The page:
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The accumulation of calcium ions (Ca) was examined in the rat brain by means of 45Ca autoradiography following the application of a weak anodal direct current to the surface of the sensorimotor cortex. Repetition of the anodal polarization with 3.0 microA for 30 min caused more Ca to accumulate in the cerebral cortex. The degree and extent of accumulation(More)
mu-Opioid receptors and their endogenous ligands, including Leu5-enkephalin (LE), are distributed abundantly in the nucleus accumbens (NAC), a region implicated in mechanisms of opiate reinforcement. We used immunoperoxidase and/or immunogold-silver methods to define ultrastructural sites for functions ascribed to mu-opioid receptors and potential sites for(More)
Physiological studies have indicated that agonists at the mu-opioid receptor (mu OR), such as morphine or the endogenous peptide methionine5-enkephalin, can markedly decrease the spontaneous activity of noradrenergic neurons in the locus coeruleus (LC). Messenger RNA and protein for mu OR are also densely expressed by LC neurons. During opiate withdrawal,(More)
Kainate is a potent agonist of an excitatory amino acid receptor subtype in the central nervous system, and causes neuronal death in several regions of the brain. Neurons are preferentially killed in the hippocampus, especially in the CA1 region, by systemic administration of kainate. It is speculated that functional alterations occur in the neurons(More)
We have recently shown, by using immunoelectron microscopy, that the mu-opioid receptor (mu OR) is prominently distributed within noradrenergic perikarya and dendrites of the nucleus locus coeruleus (LC), many of which receive excitatory-type (i.e., asymmetric) synaptic contacts from unlabeled axon terminals. To characterize further the neurotransmitter(More)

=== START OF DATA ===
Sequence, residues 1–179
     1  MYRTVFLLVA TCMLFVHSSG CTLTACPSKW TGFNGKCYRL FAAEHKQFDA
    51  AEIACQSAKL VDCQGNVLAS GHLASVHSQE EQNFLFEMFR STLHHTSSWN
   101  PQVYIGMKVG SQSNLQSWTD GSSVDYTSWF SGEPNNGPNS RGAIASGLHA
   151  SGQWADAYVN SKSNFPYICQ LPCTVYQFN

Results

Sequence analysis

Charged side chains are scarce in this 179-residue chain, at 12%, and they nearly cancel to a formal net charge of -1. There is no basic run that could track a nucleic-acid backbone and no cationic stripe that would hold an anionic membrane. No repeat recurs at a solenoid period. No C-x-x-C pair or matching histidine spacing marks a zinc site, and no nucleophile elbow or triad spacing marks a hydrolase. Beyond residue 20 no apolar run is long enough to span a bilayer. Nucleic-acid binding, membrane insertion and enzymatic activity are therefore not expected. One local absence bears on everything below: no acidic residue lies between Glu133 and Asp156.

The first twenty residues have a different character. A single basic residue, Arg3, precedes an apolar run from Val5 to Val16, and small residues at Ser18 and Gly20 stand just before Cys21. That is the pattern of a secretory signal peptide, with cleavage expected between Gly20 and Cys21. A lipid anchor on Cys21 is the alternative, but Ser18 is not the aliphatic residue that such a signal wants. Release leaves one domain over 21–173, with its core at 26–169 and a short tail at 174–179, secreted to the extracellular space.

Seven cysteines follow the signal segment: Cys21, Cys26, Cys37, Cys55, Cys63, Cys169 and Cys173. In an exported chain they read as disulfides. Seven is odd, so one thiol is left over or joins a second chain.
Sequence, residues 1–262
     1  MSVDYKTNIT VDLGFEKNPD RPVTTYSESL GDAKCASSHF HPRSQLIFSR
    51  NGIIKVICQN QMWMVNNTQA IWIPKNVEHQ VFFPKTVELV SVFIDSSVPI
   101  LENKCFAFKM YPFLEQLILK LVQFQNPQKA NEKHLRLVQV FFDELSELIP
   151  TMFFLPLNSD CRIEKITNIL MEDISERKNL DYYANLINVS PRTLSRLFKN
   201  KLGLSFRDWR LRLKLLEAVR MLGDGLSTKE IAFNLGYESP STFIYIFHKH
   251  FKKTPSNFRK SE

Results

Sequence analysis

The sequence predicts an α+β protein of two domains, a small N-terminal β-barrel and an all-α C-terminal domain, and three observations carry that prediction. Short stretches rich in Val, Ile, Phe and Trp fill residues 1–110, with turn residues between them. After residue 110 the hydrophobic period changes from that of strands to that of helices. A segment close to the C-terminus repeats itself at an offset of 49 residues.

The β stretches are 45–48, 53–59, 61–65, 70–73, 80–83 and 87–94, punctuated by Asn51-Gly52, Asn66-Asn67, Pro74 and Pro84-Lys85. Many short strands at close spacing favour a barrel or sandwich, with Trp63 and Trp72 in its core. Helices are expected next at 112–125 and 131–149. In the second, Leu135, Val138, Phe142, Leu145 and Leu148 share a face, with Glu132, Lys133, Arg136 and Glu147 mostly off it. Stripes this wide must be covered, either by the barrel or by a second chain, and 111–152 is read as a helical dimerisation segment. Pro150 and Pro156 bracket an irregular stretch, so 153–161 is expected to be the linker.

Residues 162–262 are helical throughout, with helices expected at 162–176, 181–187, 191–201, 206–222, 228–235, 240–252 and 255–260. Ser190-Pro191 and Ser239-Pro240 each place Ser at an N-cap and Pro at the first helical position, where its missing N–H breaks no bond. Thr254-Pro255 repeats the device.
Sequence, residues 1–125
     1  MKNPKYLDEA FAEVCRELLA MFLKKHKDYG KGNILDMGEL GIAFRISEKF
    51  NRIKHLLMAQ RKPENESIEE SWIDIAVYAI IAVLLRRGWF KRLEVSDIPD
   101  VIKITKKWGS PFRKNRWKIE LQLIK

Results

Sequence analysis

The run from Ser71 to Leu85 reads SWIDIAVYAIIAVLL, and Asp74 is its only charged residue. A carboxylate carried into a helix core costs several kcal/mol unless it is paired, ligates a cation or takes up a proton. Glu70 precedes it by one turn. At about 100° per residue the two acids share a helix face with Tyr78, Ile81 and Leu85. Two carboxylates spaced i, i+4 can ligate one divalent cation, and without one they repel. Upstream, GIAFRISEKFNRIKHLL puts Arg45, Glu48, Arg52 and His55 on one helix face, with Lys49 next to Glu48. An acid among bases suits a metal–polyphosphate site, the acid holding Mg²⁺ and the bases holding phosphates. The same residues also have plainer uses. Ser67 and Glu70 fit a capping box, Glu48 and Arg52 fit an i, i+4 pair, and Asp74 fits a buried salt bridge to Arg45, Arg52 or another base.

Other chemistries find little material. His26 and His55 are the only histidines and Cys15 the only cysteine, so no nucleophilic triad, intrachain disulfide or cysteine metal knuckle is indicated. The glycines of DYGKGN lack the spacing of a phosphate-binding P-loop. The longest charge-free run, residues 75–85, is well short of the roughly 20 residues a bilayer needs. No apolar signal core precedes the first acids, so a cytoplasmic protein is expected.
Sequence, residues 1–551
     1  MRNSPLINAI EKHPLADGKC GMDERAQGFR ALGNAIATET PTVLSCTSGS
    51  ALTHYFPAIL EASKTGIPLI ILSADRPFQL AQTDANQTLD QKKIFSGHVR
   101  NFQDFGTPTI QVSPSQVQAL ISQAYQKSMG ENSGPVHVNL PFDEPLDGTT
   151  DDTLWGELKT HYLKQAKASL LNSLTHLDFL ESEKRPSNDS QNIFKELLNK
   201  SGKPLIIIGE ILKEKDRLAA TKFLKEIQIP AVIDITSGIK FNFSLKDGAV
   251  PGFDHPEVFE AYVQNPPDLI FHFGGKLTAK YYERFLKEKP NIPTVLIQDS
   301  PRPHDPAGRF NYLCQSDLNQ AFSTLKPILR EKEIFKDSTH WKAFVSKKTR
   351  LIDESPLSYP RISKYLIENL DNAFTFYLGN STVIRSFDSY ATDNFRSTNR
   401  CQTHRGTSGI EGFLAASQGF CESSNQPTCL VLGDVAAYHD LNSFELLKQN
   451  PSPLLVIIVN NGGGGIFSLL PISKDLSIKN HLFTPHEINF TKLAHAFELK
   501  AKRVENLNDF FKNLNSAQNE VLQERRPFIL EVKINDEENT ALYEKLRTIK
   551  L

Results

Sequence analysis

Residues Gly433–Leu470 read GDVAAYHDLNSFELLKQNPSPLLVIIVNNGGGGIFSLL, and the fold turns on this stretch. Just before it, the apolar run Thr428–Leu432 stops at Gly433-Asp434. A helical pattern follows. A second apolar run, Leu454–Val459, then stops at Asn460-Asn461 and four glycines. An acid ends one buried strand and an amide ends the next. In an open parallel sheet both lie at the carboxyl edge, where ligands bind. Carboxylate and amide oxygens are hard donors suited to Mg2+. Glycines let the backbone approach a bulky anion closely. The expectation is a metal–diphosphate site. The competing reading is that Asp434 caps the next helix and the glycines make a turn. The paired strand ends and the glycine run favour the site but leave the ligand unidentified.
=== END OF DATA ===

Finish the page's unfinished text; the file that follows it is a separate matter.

The mu opiate receptor is a principal brain site for activities of morphine, other opiate drugs, and opioid peptides in modulating pain and altering mood. Recent cloning of cDNAs encoding rat and human mu receptors reveals charged amino acid residues within putative transmembrane domains (TMs) II, III, and VI, a substantial N-terminal extracellular domain,(More)
Studies with thiol-modifying reagents have suggested that cysteines might play important roles in the function of the dopamine transporter (DAT). To identify DAT cysteines with important thiol groups, we have studied six mutant dopamine transporters in which cysteines were replaced by alanines. Substitutions of cysteines assigned to the DAT's second(More)
Proteins and peptides have been demonstrated to penetrate across the plasma membrane of eukaryotic cells by protein transduction domains. We show that protein transduction by 11 arginine (11R) is an efficient method of delivering proteins into the neurons of brain slices. Here, we demonstrate that PKA inhibitory peptide, fused with 11R and nuclear(More)
An anodal direct current of 0.3 microA or 30.0 microA was unilaterally applied for 30 min or 3 hr to the surface of the sensorimotor cortex of rats, and the effects of anodal polarization on protein kinase C (PKCgamma) activity were examined. The brains were processed by means of immunocytochemistry using the monoclonal antibody 36G9 raised against purified(More)
c-Fos protein-like immunoreactivity (IR) was investigated in the rat brain following an application of weak anodal direct current to the surface of the unilateral sensorimotor cortex in an attempt to elucidate the cellular and molecular bases of central plasticity. Anodal polarization resulted in a massive increase in c-Fos protein-like IR in neurons of the(More)